Velvet, on the other hand, can be hand washed. Although it fades when it is sun-dried, hence, it should be hung in the shade. It is noteworthy that outfits with different velvet compositions have varying cleaning processes. These processes depended on its design fibers.

Texture and Vulnerability

Although suede shoes are better used on formal occasions, they are highly delicate and susceptible. They can absorb a lot of water and are susceptive to stains if not well preserved. When exposed to harsh weather conditions, they may lose their formal qualities and become unusable. They naturally require so much care and constant maintenance.  

Velvets are fluffy but can withstand more harshness compared to suedes. Their tolerance for harsh conditions is due to their multiple fiber content. They also require regular and quality care because of their fibrous natural and synthetic origins. Their softness makes them very comfortable to wear, although they are not primarily designed for shoes. Hence, examining velvet vs suede, suede has a tougher texture but is more vulnerable to damages.

Heat Retention 

Heat retention is a notable factor when learning the differences between velvet and suede. Velvet has an exceptionally soft feel and is made with fiber. Although fluffy, it is very suitable for cold periods. Its thickness, weight, and high fiber content allow it to get warm quickly. However, celebrities like to style it during summer periods as well.

Suede absorbs moisture significantly but emits heat within a short period. This impressive heat emission is one of the beauties of suede items. With suede outfits, one is sure of sweating less and remaining relaxed.

Synthetic Quality

Speaking of the noticeable features in the velvet vs suede comparison, the quality of their synthetic versions is included. These synthetic versions, termed “ultra velvet” and “ultra suede,” have their places in the fabric industry. Although, generally speaking, ultra velvet in-house materials can be challenging to clean, they can offer a feeling of luxury in the home. Ultra velvet gives a cozy feel, especially when used beside the fireplace in cold weather.

Ultra suede, also known as microfiber suede, has a similar appearance and feel as the original suede. The advantage of ultra suede over ultra velvet is that it is more usable in homes that have kids. It tolerates scratches and tears. Its users can barely be worried about having their ultra suede items destroyed by pets. Unlike ultra velvet, it is not difficult to clean when stained. Although ultra suede does not offer a luxurious feel as ultra velvet does, it is durable and befitting.


Velvet is a high moisture-wicking fabric. Although, the level of its wickability depends on its material composition. Among the velvet varieties, the natural versions designed from cotton and silk are highly wickable. Velvets produced from wool are wickable during cold periods. However, they are often hot during warm seasons.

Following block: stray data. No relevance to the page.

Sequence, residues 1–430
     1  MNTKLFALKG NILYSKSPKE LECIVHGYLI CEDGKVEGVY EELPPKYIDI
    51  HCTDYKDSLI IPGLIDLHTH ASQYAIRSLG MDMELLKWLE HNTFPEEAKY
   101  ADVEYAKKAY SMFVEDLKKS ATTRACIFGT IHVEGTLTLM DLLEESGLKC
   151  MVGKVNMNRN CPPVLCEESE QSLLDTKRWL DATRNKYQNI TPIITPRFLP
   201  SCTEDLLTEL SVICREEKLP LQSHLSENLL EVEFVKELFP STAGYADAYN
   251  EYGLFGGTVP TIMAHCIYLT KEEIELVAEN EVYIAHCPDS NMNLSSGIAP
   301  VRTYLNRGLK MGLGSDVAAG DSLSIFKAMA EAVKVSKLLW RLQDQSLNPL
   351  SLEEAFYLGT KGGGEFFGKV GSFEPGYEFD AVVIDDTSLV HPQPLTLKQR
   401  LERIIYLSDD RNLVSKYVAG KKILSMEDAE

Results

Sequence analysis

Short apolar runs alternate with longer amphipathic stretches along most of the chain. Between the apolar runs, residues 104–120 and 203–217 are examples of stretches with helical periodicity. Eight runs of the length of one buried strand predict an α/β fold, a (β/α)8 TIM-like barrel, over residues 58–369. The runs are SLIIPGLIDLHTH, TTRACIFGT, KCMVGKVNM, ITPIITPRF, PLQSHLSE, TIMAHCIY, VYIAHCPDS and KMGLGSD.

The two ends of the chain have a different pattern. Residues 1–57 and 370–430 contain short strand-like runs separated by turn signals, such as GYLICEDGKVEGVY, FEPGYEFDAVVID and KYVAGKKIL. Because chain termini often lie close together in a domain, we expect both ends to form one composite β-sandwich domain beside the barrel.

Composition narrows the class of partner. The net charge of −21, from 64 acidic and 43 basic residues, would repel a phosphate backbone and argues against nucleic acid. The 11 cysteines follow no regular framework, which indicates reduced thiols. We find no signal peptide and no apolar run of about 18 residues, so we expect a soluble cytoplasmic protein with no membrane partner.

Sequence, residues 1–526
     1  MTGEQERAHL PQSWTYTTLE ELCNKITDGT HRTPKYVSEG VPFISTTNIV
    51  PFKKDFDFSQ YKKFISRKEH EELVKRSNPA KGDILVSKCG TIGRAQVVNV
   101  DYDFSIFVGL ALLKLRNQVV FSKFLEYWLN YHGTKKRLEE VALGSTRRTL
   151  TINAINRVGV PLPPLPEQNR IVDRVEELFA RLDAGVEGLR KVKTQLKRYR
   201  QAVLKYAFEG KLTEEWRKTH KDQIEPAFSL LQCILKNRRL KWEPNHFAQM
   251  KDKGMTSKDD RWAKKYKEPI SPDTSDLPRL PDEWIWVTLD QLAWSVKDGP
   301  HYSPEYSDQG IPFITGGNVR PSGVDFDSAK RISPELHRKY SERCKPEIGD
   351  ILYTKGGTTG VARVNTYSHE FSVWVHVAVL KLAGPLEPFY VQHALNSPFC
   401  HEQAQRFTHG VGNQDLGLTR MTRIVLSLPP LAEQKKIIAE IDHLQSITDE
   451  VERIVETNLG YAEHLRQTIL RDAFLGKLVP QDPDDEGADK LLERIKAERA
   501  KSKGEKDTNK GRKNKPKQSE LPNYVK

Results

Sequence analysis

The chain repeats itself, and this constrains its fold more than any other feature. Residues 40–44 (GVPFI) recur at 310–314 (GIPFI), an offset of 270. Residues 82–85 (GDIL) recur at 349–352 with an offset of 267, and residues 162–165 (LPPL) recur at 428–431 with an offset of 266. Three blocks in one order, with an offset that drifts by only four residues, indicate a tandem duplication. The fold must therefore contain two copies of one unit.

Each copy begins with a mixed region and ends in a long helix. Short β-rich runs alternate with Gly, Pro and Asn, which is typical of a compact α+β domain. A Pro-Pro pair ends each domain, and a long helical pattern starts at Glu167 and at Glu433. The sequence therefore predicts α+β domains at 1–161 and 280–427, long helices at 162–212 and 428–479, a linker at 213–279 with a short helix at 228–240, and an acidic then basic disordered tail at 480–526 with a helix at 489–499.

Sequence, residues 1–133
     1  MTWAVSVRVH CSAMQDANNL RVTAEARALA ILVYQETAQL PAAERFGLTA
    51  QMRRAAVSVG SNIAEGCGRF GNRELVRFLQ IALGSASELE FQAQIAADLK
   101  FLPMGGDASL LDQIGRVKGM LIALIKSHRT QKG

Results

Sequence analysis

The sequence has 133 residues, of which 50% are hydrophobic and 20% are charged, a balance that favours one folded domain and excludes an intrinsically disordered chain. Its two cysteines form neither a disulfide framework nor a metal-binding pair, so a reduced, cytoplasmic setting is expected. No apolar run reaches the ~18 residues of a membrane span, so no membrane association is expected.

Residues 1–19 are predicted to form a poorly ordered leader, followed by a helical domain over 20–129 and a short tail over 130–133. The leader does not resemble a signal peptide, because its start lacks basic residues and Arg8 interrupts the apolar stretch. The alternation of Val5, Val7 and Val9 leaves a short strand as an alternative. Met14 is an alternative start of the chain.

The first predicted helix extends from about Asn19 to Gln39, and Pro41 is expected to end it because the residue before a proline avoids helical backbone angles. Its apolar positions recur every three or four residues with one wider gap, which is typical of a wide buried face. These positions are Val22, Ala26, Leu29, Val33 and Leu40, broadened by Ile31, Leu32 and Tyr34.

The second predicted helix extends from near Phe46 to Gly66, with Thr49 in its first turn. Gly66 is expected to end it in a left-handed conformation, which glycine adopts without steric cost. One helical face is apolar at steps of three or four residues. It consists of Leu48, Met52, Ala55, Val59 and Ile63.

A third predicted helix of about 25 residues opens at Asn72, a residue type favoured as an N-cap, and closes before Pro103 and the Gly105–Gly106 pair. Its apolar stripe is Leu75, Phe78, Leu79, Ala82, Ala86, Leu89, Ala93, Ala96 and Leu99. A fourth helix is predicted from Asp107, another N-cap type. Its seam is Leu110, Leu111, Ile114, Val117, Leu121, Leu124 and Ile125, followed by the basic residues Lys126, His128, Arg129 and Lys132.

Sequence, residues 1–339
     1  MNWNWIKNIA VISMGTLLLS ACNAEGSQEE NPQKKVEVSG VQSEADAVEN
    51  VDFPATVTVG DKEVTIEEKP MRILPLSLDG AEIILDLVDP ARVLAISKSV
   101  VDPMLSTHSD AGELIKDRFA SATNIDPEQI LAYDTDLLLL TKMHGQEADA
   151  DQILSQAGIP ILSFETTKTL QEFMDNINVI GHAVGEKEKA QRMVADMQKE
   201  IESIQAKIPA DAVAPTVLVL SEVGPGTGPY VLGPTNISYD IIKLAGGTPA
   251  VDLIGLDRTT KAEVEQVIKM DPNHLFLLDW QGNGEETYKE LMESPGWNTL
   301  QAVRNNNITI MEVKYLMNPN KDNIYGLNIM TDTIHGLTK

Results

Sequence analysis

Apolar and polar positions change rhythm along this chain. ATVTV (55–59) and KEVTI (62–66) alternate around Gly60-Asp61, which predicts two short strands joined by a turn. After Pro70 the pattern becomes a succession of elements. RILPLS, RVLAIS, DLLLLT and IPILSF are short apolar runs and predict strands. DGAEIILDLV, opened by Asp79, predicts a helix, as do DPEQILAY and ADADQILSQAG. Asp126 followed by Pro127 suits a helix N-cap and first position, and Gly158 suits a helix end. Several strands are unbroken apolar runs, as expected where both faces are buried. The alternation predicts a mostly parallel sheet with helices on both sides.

On the other hand, suede is impressively breathable due to its natural porosity. During the summer, people who use suedes often sweat less. During winter, suede materials are durable and preferable due to their body-warming nature. Their breathability is more impressive than regular leather.

Comfort and Usage

Suede and velvet are soft fabrics that offer pleasant feelings on the skin. However, velvet is softer and more comfortable. It provides premium relaxation and a sense of confidence in its strength. Although velvet gets stained easily, it is not difficult to clean. In contrast, suede is fragile and hides stains. Its stain-absorbing ability allows its users to worry less about cleaning it regularly.

In many cases, velvets have a more sophisticated feel compared to suedes.

Use Cases

Suede and velvet have a broad spectrum of uses. Suede is used for suits, hats, fabric lining, belts, car seats, shoes, gloves, etc. It is perfect for furniture.

Velvet, however, can be used for dresses, formal outfits, beddings, evening outfits, curtains, etc. However, it is not suitable for furniture exposed to the sun. Velvet exposed to the sun will fade quickly. This implies that velvet furniture should not be staged in front of large windows or directly under sunlight.

Material Cost

Considering velvet vs suede, an undoubtful fact is their luxurious nature. Naturally, luxury items are gotten at high prices. Velvet and suede are in this cost-intensive category. Although velvet market prices vary, surveys have shown that they often cost $6 to $22 per yard. Silk velvet, considered the most expensive variety of velvet, costs as much as $350 per yard. 

Suede also has a variety of prices in the market. From a general point of view, suede is more expensive than velvet. Its market prices range between $9 and $50 per yard.

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Velvet and suede are luxury materials that are highly sourced. They have distinct origins, production processes, varieties, and quality levels. Suedes are tough but delicate, while velvets are soft but more tolerant. While their prominent features are for clear understanding and comparison, users can freely select their choice fabrics based on preference and need

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Velvet vs Suede- Learn The Difference Velvet and Suede are two prominent fabrics in our world today. Read this article to learn the difference between velvet vs suede.